Does the artist appear? Not only does he sing the song in the movie, but Kenny plays a fighting holy man who helps the titular character beat the unholy heck out of the Gatlin boys.

The Gambler (Dick Lowry, 1980): The Lowry/Rogers team started adapting his songs a year before Coward of the County with this made-for-TV movie, which told the story of Brady Hawkes, the gambler from the song. While the song has the gambler dying — or at least I always felt that way — the character lived through four sequels, all directed by Lowry except for the last entry, Gambler V: Playing for Keeps, which was directed by Jack Bender (The Midnight HourChild’s Play 3) and written by Frank Q. Dobbs (Enter the Devil).

Does the artist appear? Kenny is in every single one of these films, which you could have enjoyed along with a bucket of his Kenny Rogers Roasters chicken, which is still available in Malaysia. Strangely, while everyone associates Rogers with this song, he wasn’t the first to release it. There were versions by songwriter Don Schlitz, Bobby Bare and Johnny Cash released before Rogers recorded the song. Also — there was one more Rogers song turned into a movie, 1990’s Christmas In America.

Speaking of Christmas, the following songs all inspired movies:

The Christmas Shoes (Andy Wolk, 2002): If you ever wonder what song I hate the most, this movie will give you the answer. Based on both the song by NewSong and the book by Donna VanLiere, this movie gets played in my house every holiday season, making me into the worst Grinch you’ve ever met. This film is pure pain.

Does the artist appear? No.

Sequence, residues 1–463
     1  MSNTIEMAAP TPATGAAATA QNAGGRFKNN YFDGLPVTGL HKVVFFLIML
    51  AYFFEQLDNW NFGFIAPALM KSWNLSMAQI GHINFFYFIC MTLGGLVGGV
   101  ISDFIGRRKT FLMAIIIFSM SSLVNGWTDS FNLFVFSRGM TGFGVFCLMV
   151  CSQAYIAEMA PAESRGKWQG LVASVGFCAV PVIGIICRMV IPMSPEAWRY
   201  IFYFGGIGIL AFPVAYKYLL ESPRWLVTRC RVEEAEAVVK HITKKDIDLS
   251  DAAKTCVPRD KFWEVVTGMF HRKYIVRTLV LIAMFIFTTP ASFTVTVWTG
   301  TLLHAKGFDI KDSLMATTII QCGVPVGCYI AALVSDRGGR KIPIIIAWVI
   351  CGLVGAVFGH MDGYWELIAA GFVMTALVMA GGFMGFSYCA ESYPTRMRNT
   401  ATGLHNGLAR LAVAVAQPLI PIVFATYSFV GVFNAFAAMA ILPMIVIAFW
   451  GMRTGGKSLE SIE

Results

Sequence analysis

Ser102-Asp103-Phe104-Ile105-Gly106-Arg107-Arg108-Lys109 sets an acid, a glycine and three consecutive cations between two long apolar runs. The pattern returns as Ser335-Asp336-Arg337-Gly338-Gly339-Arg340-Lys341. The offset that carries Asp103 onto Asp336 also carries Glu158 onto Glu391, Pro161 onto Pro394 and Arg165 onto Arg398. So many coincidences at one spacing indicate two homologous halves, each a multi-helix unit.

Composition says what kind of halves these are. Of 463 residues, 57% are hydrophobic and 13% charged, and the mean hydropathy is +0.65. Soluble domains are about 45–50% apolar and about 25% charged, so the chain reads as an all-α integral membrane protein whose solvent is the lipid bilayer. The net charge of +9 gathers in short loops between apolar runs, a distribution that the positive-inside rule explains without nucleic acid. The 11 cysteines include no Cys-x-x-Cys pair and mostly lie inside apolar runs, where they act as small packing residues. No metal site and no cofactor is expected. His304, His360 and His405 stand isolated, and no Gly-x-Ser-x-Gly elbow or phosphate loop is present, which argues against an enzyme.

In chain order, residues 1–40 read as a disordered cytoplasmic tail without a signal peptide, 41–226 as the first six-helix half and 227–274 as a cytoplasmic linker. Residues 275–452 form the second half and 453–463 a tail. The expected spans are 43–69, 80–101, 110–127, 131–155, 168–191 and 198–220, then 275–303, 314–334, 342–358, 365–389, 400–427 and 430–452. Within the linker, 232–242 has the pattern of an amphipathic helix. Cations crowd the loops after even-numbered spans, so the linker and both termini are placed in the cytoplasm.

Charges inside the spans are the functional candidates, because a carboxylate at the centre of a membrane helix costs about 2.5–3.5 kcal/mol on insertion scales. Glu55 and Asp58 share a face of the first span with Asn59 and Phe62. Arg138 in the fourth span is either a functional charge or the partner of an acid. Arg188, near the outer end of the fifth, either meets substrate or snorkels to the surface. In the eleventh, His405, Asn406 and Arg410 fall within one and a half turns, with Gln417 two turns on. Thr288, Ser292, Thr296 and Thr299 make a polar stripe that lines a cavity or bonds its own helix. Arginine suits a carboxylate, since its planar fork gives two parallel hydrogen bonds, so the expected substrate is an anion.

Grandma Got Run Over By A Reindeer (Phil Roman, 2000): You know, it seems like there are no new Christmas songs, but if you go by this film and the one before it, perhaps that’s a good thing. This Elmo and Patsy Trigg Shropshire song played incessantly in 1979 and every year thereafter, it comes back kind of like herpes. After Elmo and Patsy divorced — they originally handmade their own cassettes of the song — Dr. Elmo re-recorded it.

Does the artist appear? Yes, Elmo is grandpa and the narrator in the animated version of this story.

Frosty the Snowman (Arthur Rankin, Jr. and Jules Bass, 1969): Based on the Walter “Jack” Rollins and Steve Nelson song — first recorded by Gene Autry and the Cass County Boys and re-recorded for this movie by Jimmy Durante — this was the second of Autry’s seasonal songs to be turned into a film. The first one? It’s coming up next).

Does the artist appear? Yes, Durante — who recorded the song for the first time in 1950 — also plays the narrator. Who plays Frosty? Comedian Jackie Vernon, who is also in Microwave Massacre.